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When I had to write the other day some words on democracy on a whiteboard at an exhibition. We learned in school many times that the word democracy came from the Greek and literally translates to that the power belongs to the people. But what is the problem that we simply can’t understand the importance of it when we look around? We see people not being able or hindered to vote in other countries and we feel bad because they have to live with leaders, that were not the choice by the majority but on our skin we, my generation in Austria, has never experienced it. We were encouraged to go to vote as soon as we can from different institutions since we can remember but only in recent years the awareness about how important it really is showed in numbers when we had to face the chance of having Norbert Hofer as our president. The increased number of voters didn’t happen because we were just acting by what we have been told, it was because people didn’t want to live with a right wing president or earlier at the municipal election with a major called HC Strache. Also now, in the recent election 2017, more and more younger people went to vote and we had 80 percent turnout of voters. So that’s the thing with democracy and maybe thats the best thing: in good times we can’t even imagine what it would be without it! Democracy is something that makes us believe that we are so far away from all the absolutistic tyrants and atrocities that we can actually forget about it in our life of wealth and chances. But as mentioned, slowely the number of people who are getting to the polls in times of chance will be raising again because I believe, my generation will not accept any more inequality that the recent government is spreading into peoples mind and we will feel importance of democracy on our skin again until a future generation has to think back to the Greek when they will be asked to write the meaning of it on a whiteboard.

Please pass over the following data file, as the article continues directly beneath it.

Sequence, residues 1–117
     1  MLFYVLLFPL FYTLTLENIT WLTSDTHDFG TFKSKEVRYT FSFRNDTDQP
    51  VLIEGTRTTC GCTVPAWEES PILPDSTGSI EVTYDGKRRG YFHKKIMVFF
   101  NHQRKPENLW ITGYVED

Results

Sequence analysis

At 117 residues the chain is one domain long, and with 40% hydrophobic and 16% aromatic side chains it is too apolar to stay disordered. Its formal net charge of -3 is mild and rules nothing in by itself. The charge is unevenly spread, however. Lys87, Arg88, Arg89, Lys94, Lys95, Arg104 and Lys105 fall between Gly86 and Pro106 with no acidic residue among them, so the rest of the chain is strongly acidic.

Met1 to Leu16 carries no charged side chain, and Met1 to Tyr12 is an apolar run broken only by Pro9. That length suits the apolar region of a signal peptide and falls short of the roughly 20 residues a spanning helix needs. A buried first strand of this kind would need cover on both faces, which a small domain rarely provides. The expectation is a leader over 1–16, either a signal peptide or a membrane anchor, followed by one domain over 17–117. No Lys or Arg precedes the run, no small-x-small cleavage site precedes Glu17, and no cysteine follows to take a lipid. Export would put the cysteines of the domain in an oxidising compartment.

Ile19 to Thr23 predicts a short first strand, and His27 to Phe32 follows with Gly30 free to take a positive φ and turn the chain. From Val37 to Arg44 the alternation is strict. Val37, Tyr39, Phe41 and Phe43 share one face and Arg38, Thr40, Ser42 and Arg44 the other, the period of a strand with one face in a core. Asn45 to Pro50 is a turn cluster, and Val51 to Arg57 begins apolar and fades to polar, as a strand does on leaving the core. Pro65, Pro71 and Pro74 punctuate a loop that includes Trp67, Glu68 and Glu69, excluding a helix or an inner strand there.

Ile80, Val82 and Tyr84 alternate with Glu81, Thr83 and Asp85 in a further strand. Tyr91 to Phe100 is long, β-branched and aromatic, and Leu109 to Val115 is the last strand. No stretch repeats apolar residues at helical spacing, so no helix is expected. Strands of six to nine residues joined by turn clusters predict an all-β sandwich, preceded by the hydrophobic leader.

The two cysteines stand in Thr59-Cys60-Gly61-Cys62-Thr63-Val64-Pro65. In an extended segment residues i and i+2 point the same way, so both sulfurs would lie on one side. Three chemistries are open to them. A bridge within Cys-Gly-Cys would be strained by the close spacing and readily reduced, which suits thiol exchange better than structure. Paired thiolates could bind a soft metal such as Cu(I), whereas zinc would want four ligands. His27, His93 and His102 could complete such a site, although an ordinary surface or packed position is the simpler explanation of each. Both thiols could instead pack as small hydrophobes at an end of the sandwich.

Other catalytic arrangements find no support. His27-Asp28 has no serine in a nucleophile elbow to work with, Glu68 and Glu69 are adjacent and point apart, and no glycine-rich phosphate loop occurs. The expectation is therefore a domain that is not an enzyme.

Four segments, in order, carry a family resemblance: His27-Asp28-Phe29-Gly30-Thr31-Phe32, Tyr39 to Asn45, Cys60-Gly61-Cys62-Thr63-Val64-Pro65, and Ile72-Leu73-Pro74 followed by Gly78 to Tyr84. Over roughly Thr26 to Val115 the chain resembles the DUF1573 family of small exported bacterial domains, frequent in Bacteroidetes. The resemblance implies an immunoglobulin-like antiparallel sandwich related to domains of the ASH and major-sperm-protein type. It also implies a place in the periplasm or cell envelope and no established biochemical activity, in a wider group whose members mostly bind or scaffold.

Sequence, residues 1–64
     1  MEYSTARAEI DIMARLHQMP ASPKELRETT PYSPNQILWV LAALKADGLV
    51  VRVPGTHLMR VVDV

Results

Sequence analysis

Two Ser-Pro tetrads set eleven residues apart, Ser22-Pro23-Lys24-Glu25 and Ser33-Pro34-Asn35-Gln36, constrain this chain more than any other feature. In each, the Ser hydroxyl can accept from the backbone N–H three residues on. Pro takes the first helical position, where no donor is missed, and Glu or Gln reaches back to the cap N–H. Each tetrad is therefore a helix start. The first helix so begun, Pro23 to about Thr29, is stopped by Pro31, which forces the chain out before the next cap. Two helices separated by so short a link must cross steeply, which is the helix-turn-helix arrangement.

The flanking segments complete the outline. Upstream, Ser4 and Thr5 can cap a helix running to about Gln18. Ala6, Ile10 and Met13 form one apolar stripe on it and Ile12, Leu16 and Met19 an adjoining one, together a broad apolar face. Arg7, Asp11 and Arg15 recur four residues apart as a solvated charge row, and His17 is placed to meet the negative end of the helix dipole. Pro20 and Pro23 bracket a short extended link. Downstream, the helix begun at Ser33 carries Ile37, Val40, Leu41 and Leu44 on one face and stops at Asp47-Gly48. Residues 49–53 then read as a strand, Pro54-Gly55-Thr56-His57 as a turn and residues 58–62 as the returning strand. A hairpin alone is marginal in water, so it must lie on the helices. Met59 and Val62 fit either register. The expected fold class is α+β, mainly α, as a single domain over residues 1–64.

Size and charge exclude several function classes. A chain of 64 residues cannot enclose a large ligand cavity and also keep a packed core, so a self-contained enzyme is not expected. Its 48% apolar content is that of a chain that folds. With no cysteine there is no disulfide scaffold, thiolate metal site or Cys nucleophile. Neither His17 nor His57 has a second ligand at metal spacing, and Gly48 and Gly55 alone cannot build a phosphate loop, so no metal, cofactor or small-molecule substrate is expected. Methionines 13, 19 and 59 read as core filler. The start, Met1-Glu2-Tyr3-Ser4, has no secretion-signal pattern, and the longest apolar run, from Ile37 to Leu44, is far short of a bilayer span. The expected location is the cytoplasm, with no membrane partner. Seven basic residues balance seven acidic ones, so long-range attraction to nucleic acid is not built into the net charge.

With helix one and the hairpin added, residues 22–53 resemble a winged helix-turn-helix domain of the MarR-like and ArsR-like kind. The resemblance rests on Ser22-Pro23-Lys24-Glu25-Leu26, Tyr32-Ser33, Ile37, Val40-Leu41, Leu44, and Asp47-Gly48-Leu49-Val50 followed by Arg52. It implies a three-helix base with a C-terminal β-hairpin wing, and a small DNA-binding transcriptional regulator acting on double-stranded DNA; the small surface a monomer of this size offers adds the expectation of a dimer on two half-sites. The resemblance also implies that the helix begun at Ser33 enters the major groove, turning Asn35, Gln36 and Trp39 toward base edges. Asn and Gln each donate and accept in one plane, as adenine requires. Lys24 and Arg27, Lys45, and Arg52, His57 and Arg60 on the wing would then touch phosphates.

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Profile photo of Mavie Mavie